The Great Butter Bean Controversy

People are crazy and times are strange. (Bob Dylan)

A renowned Texas Hill Country barbeque joint recently taped hand-lettered signs to every entrance door. In all caps and with the liberal use of exclamation marks and underlining, the customer was thereby notified that effective immediately “BUTTER BEANS ARE FOR DINE-IN ONLY!!!!! NO CARRY OUT!!!” Not that I cared. Add all the butter you want, they are still just lima beans, to which I have a lifelong aversion.

This is one of those restaurants where you select your own side of beef, or hunk of pork, or slab of ribs from a smoker, and you buy it by the pound. As you move along the counter, you have your choice of side items which run the full gamut from starch to sugar to starch. A nice woman offered to help me, but I was already being helped and didn’t want to create a problem by using up more than my share of helpers. “Oh, honey,” the woman said, “you won’t make a problem any bigger than The Great Butter Bean Controversy.”

As the nice woman explained it (with a fair amount of eye-rolling, it must be said): apparently the Dine-In Regulars insist that there be butter beans available whenever they want them. And apparently the Take-Out Customers have a tendency to take out more than their share, thereby creating a shortage.
It has come to this, then? You allow the world get all hateful about politics and religion, and what happens? The next thing you know: you’ve got a butter bean battle boiling. What is WRONG with people? Don’t you just wonder why is it is so hard simply to do right and leave each other alone and respect one another’s needs for butter beans? (OK: you don’t wonder this. This failing is human nature, a tendency from our earliest years. I once was admiring a line-up of kindergarteners walking along with their hands in their pockets, like tiny hipsters. I remarked to my friend their teacher that I had never seen such chilled-out and relaxed kids. “No,” she said. “I made them do that so they would stop bothering each other.”)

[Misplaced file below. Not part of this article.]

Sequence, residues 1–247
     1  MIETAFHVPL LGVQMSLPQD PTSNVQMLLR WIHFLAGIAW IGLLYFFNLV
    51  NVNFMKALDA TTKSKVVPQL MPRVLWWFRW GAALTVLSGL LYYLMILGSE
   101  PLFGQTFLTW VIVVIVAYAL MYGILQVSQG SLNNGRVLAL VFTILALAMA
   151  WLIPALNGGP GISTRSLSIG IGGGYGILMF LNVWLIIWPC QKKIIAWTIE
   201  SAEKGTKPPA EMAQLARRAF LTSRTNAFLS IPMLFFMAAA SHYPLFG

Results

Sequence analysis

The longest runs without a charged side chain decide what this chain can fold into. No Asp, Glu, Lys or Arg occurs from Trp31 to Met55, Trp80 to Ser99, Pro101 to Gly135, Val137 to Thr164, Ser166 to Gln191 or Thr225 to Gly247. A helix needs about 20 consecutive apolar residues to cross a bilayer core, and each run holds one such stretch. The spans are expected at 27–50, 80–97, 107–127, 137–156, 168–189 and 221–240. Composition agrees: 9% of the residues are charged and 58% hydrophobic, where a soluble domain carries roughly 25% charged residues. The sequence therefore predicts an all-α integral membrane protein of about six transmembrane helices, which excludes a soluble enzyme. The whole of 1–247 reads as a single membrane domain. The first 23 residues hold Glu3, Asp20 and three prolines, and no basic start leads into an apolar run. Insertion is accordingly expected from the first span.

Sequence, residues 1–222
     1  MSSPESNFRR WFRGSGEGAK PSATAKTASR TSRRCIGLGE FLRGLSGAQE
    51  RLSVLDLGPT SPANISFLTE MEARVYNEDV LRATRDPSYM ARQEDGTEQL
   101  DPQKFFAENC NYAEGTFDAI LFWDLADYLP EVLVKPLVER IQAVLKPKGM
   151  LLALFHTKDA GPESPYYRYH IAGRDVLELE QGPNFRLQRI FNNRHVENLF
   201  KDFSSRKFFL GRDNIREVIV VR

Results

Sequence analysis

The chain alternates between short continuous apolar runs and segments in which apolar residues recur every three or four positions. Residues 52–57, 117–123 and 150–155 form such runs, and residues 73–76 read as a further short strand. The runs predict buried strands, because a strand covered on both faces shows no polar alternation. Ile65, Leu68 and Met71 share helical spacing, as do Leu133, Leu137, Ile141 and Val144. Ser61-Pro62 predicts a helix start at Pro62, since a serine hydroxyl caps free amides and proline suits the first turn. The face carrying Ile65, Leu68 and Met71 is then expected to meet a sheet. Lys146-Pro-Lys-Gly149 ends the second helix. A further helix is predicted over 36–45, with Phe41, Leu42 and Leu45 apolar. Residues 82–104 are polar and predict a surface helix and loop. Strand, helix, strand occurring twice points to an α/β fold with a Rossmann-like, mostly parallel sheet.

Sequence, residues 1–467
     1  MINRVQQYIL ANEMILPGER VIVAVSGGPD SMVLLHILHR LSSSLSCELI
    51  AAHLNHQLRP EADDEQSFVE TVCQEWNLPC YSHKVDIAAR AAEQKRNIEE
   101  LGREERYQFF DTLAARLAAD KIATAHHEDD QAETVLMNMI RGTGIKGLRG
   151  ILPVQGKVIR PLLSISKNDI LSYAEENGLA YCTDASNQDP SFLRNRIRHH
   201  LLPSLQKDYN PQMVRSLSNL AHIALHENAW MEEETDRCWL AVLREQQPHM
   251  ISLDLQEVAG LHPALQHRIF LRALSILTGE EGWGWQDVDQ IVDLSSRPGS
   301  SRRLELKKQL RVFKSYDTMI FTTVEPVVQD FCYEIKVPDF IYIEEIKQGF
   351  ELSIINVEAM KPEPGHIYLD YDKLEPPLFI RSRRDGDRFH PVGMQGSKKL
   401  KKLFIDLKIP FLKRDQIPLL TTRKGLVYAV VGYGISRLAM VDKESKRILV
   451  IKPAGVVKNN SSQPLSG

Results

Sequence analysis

But back to the nice woman at the barbeque place. After she explained the controversy, I asked were they really that good, because, come on…lima beans? “Here’s what you do,” she said. “Take this container to the ‘extras’ buffet and get yourself some butter beans. Sit down at a table, have a bite, and then put a lid on them and take them home.” Impressed by her total disregard for the Oppressive System (I was a child in the 60s, after all,) I did as she suggested.

And my eyes were opened. Epiphany. Spiritual experience. The beans were obviously cooked with love and onions by somebody’s granny, and I think this anonymous granny has changed my life. I did not feel one teensy bit bad about taking those butter beans right on out of the restaurant, along with my slabs of meat.

But I did wonder later: is my spiritual experience more important than that of those who follow me, or, for that matter: more important that that of those who dine in a different way than I do? At the same time, do the Dine-in Regulars have the right to deprive me, a Take-Out? I love this barbeque joint, but do I have to be IN THE RESTAURANT to have the experience? Who gets to control the Spirit?

Signs, signs, everywhere are signs
blocking out the scenery, breaking my mind
“Do this, don’t do that”
Can’t you read the signs?

3 thoughts on “The Great Butter Bean Controversy

  1. Well I do like Lima or butter beans. But for me the issue is why do people get hung up on something and can’t let go. Why not try the corn casserole or the green beans if they’ve run out of butter beans. My concern is the obsessions people get with things being the way they always expect them to be. Whether it’s their opinion of politics or how someone looks or whatever – instead of looking at the other side of that proverbial coin. (Always love your blog postings!)

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